Halston: the finest creative in 1970s America

Jerry Hall in a Halston dress

“Halter dress” by Beatrice Brandini

Those who lived in the seventies cannot forget the covers of Cosmopolitan USA in which the beautiful and healthy American girls became very refined Halstonettes (so baptized his faithful models).

Halston creations 

Roy Halston Frowick was born in 1932 and since childhood he has shown a natural inclination for fashion, designing and creating dresses and hats for his mother and sister. Originally from Iowa, in 1952 he moved to Chicago to attend a course in visual merchandising (a term that has only become “familiar” in Italy for a few years!).

Pat Cleveland in a Halston dress

Here he begins to create hats, his are those worn by stars like Kim Novak, Debora Kerr or Gloria Swanson. He later moved to New York where he worked as a milliner for the exclusive Bergdorf Goodman warehouse and became very popular for designing the blue one that Jacqueline Kennedy would wear (tambourine hat, or pillbox), at her husband’s presidential inauguration in 1961. 

Jacqueline Kennedy with the pillbox by Halston

From hats to dresses it becomes a natural passage. In 1966, Newsweek called him the most interesting designer in America, and two years later, 1968, he opened his first boutique on Madison Avenue.

Farrah Fawcett in a Halston dress

Fitting: Angelica Huston with Halston

There are very creative designers, others with a particular flair for business, others still very good at celebrating themselves. Halston was probably all this, but above all he was a very refined designer, who made women beautiful even with easy and functional clothes. His collections were instantly recognizable, yesterday as today, standing out for being elegant and sexy with clean and simple lines. 

An advertisement for Halston’s patented Ultrasuede fabric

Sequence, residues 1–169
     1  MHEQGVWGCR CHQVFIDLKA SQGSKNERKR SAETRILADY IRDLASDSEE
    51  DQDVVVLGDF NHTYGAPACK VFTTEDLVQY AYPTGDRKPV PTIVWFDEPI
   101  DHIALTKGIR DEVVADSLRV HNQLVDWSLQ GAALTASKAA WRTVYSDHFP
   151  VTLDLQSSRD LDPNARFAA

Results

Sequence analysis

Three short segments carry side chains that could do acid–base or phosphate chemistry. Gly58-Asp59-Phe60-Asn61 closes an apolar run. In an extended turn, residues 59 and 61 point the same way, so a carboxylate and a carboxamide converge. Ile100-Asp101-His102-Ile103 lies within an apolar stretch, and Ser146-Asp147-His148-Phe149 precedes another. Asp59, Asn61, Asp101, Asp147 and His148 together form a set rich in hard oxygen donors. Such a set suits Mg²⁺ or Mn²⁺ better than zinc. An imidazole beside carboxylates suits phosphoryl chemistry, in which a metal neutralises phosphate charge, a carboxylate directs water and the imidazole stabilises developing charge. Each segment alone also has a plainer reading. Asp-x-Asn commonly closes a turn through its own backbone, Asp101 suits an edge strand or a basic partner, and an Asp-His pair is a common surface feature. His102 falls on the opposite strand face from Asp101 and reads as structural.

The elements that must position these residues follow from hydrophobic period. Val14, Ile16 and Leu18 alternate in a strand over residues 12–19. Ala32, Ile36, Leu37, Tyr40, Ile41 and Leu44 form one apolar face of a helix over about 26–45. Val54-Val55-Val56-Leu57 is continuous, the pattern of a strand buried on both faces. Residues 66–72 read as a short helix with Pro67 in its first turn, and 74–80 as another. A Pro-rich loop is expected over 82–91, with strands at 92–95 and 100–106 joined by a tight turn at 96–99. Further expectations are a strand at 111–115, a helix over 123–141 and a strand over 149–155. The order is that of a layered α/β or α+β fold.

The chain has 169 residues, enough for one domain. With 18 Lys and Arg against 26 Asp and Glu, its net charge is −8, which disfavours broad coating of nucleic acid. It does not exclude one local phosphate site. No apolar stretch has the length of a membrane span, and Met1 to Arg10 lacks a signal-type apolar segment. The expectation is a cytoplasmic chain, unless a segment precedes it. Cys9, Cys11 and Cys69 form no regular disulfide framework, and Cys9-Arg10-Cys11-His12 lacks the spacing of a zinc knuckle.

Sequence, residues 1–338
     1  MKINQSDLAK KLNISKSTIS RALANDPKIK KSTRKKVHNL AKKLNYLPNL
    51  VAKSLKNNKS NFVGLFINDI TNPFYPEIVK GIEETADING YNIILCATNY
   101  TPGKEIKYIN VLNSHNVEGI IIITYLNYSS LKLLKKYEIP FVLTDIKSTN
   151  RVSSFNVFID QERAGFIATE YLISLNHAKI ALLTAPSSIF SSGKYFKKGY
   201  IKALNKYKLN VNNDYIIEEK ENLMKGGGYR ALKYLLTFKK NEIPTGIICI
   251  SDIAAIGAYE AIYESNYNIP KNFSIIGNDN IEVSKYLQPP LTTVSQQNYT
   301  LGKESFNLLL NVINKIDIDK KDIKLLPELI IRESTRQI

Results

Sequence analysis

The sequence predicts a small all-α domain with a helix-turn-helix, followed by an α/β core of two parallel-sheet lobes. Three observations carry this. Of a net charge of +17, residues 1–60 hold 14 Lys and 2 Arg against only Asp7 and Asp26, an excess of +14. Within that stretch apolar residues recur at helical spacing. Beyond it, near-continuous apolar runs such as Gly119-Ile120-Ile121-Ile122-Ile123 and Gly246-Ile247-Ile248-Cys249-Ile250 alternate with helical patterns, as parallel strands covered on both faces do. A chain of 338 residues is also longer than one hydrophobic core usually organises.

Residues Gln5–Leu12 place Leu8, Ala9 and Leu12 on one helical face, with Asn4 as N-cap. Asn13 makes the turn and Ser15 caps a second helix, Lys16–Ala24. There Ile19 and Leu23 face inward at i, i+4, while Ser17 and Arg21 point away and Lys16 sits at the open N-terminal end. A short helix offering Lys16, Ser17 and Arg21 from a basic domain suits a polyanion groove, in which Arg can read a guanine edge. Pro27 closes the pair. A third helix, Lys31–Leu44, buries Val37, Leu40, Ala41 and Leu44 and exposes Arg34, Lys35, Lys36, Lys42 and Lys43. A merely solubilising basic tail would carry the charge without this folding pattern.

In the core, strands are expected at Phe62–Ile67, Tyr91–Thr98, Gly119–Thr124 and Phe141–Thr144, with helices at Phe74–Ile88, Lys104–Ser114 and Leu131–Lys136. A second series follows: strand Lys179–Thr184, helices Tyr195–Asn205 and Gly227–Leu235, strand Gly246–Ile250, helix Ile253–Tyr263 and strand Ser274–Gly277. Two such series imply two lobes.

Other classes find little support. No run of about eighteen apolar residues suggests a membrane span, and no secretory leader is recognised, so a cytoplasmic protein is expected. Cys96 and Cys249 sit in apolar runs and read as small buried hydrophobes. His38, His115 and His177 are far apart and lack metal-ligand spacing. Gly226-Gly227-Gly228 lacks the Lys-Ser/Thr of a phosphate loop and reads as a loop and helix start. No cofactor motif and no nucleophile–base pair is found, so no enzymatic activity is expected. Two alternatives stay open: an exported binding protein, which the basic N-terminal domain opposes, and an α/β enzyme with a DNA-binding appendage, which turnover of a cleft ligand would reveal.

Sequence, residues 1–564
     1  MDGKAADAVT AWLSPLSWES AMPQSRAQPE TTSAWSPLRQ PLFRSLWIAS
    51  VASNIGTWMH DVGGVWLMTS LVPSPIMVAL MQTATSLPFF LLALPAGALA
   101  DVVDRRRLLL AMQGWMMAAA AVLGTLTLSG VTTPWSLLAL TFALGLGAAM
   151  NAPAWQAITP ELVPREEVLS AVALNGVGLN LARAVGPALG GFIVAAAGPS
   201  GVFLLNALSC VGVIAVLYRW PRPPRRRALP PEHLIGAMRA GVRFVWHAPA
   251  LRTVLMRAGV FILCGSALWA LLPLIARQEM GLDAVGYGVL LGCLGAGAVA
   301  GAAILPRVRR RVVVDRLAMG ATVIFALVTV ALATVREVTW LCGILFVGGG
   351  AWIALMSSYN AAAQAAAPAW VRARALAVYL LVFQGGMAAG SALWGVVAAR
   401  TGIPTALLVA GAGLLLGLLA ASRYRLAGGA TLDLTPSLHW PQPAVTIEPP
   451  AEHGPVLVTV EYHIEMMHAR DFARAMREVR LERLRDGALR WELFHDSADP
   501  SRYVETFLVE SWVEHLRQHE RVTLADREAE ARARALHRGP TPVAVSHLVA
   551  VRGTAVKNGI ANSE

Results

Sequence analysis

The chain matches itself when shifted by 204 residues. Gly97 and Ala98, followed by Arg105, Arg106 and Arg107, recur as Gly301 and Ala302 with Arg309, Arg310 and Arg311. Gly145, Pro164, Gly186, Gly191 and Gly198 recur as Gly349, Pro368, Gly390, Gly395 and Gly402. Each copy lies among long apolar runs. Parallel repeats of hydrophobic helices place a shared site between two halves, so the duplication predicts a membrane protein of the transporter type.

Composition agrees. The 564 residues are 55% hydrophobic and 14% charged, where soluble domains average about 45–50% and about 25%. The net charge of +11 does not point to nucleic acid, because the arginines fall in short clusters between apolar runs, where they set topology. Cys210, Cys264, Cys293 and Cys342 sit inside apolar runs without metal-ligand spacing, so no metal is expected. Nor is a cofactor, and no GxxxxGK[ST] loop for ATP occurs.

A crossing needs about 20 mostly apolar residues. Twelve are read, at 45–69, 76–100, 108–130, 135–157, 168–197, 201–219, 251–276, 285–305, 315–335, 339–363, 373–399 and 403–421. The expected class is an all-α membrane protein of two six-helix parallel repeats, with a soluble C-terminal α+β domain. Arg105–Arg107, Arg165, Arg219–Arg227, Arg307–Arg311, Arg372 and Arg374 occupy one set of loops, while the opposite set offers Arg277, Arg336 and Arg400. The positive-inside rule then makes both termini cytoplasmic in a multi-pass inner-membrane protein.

Lauren Hutton with a Halston creation

In 1972, he patented the Ultrasuede, a particular fabric that is easily washable even in the washing machine (American women have always been practical), but adaptable perfectly to the woman’s silhouette. His halter dress has entered the fashion dictionaries, his, in fact, are the most beautiful American necklines ever seen, it can be said that he was the inventor of that type of cut.

Angelica Huston and Jack Nicholson, she wears a Halston creation

Lauren Hutton photographed by Francesco Scavullo wearing Halston 

His women were divine, perfect for a party, for a poolside aperitif, or for a crazy evening at Studio 54. Precisely in this place, the beating and creative heart of New York of those years, where ambition and fun, sex and excess, were the absolute protagonists, Halston consumed his fame in the company of clients who became friends, such as Angelica Huston, Liza Minelli, Lauren Hutton, Bianca Jagger, and many others. 

Models claimed that wearing his clothes was like being naked, because his fashion did not work against or on the body, but with the body, thanks to magnificent cuts and drapes.

A sketch by Halston

It is said that Bianca Jagger, wearing a ruby red dress signed by Halston, made her triumphal entry on a white steed into Studio 54, on the night of her thirtieth birthday.

Pat Cleveland wears a Halston creation

A feature film presented at the Tribeca Film Festival, “Halston”, traces the life of this extraordinary (but unfortunately also unregulated) creative. The film highlights his parable until his sad descent, which ended with his retirement from the scene in the mid-1980s (the brand was sold to Norton Simon Inc. and Halston lost control of his fashion house). Until his death, at the age of 57, of complications related to HIV. 

The poster of the film Halston by Frédéric Tchebg

The director, Frédéric Tchebg, highlights a story of fashion but also of family and how the latter has sensationally affected the sale of the brand and the inevitable dominance of the financial world over the creative one. The film is available on Amazon prime USA.

Monograph cover: “Halston: Inventing American Fashion”, published by Rizzoli

It is a beautiful way to see the story of an incredible talent, to understand what it was like to be a designer in America in the 1960s, especially if you were born in the most desolate province of Iowa. But above all, knowing his story is an opportunity for younger people who do not know him, an artist who managed to build an empire from nothing, creating American prêt-à-porter, and a wonderfully unmistakable fashion.


Some shapes of the Halston style by Beatrice Brandini


Some shapes of the Halston style by Beatrice Brandini


Some shapes of the Halston style by Beatrice Brandini

“Yes To Life” was Halston’s motto, as Liza Minelli, a great friend of him, sang.

Good life to everyone!



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